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‘We won’t eat tonight’: Afghans starve in unger historical valley | Gallery News


They have survived for a long time, but since the Taliban conquered the Bamiyan Valley, the rural Afghans living in its mountain caves have been weakened by hunger and fear.

Known as one of the most beautiful regions of Afghanistan, it is home to hundreds of families living in remote, central valley caves that were carved on top of sandstone by Buddhist monks in the 5th century.

The community is among the poorest in the country, and the Taliban’s occupation in August exacerbated their plight, cutting off international aid, rising food prices and rising unemployment.

They live a few kilometers away from where the famous giant of the valley, the statue of the ancient Buddha, stood, when they were moved by this group when they were last in power 20 years ago.

Fatima said her cave was partially collapsed during heavy rains a year and a half ago, drowning a 55-year-old man and three members of his family in a small cave measuring just six square meters (square5 square feet).

“We will not eat tonight. And winter is almost here. We have nothing to keep warm, ”he said, adding that his face was partially covered in a black veil.

“We live in misery and misfortune.”

The day laborers and porters no longer brought home the little money they had paid to feed themselves.

Only potato harvesting continues – a single crop that can be grown in the area at an altitude of 2,500 meters (8,200 feet).

“I go to the Bamiyan market every morning, but I come back with nothing,” said Mahram, a 422-year-old bricklayer.

“When there was work, I used to earn 300 afghanis (3.75) per day.”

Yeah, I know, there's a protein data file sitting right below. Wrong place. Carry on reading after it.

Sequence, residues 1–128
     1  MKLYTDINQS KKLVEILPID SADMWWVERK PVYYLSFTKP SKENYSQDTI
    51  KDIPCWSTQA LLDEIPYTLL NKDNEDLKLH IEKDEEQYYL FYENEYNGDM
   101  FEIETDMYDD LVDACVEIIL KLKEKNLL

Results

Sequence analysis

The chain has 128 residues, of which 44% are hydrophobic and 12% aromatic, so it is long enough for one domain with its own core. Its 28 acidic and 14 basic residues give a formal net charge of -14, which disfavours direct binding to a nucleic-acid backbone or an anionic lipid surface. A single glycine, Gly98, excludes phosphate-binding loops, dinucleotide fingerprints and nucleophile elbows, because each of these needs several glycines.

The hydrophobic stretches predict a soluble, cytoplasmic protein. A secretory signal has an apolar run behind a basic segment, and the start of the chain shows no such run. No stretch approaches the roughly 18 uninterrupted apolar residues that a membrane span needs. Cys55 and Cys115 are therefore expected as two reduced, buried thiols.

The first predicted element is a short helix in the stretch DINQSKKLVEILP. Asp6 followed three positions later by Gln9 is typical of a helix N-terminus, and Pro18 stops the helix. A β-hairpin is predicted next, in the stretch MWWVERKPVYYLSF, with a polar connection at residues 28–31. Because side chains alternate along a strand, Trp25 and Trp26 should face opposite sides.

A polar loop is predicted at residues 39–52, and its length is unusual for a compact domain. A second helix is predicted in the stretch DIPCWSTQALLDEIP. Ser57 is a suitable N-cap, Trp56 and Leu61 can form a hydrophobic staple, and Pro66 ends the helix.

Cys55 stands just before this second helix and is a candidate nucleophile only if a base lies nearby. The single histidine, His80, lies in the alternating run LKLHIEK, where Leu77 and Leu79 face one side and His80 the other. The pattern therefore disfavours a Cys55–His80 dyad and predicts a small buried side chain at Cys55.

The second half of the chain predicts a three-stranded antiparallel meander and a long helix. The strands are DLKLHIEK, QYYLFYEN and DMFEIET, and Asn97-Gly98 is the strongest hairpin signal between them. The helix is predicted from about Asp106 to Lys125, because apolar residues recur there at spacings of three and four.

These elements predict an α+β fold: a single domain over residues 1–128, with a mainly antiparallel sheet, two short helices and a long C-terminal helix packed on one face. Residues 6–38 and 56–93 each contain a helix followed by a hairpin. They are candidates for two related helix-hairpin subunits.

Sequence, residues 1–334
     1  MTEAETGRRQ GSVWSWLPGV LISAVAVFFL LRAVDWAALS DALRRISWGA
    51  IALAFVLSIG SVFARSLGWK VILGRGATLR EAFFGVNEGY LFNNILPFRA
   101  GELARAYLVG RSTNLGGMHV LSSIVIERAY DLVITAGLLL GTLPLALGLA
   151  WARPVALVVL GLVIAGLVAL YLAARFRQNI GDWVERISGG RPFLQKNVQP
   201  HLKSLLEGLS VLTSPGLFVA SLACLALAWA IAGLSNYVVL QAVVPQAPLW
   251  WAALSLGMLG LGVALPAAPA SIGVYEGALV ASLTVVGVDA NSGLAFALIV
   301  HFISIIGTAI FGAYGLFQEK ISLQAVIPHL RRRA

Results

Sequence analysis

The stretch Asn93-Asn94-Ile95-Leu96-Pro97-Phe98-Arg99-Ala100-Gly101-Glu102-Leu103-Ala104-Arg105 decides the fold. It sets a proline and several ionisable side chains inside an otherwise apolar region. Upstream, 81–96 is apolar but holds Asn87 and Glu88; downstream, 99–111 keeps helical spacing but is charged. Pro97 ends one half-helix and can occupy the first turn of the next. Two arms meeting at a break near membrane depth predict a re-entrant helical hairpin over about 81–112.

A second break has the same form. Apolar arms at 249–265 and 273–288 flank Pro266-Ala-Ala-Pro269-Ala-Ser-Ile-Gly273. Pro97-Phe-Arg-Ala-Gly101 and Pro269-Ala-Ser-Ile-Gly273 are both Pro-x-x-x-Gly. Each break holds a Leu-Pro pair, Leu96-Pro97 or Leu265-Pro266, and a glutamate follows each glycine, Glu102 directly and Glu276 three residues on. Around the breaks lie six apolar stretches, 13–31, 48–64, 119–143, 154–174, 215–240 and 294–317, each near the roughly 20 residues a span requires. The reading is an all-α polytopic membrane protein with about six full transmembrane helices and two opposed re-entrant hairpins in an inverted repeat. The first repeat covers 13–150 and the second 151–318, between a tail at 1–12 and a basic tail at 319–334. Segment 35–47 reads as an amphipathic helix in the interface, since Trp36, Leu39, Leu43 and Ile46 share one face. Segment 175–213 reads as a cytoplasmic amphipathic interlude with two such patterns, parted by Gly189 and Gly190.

Now the family survives by sending their children to help cut the potatoes.

“Farmers give something in exchange for their wages,” says Mahram. “We have so much with a little bread.”

“But in 10 days, the harvest will be over, and we will be really hungry. People will die. ”

Like most people living in the region, the families are Hazaras, a predominantly Shia ethnic minority who have been marginalized and persecuted in Afghanistan for centuries.

The victory of the Taliban, which is made up of Sunni extremists who see the community as hostile, has caused panic.

“It’s very scary,” said Amena, a 40-year-old mother of five.

“But they didn’t come, and probably won’t go where we are.”

Amena divides the curtain at the entrance to her cave into two cushions, a threadbear carpet, and a wood-burning stove that covers the ceiling with a thick layer.

Near the door is a bunch of potato stalks, the family’s only fuel.

“Wood is very expensive,” he says.

The area has never had electricity, and requires three long trips to the valley river each day to collect water.

Saifullah Aria, 25, deputy head of the local council, said the situation was dire.

“People here are poor. Very poor, ”he says.

“They usually earn 100-200 afghanis per day ($ 1.10-2: 10), but they have done nothing with the Taliban for the last six weeks.”

He said most of them eat only one meal a day after eating potatoes and bread.

Aria added that he had never seen NGOs reach the valley and that his pleas for help from the local Bamiyan authorities had gone unanswered.

“Soon with the arrival of winter, the weak will die here, that’s for sure.”





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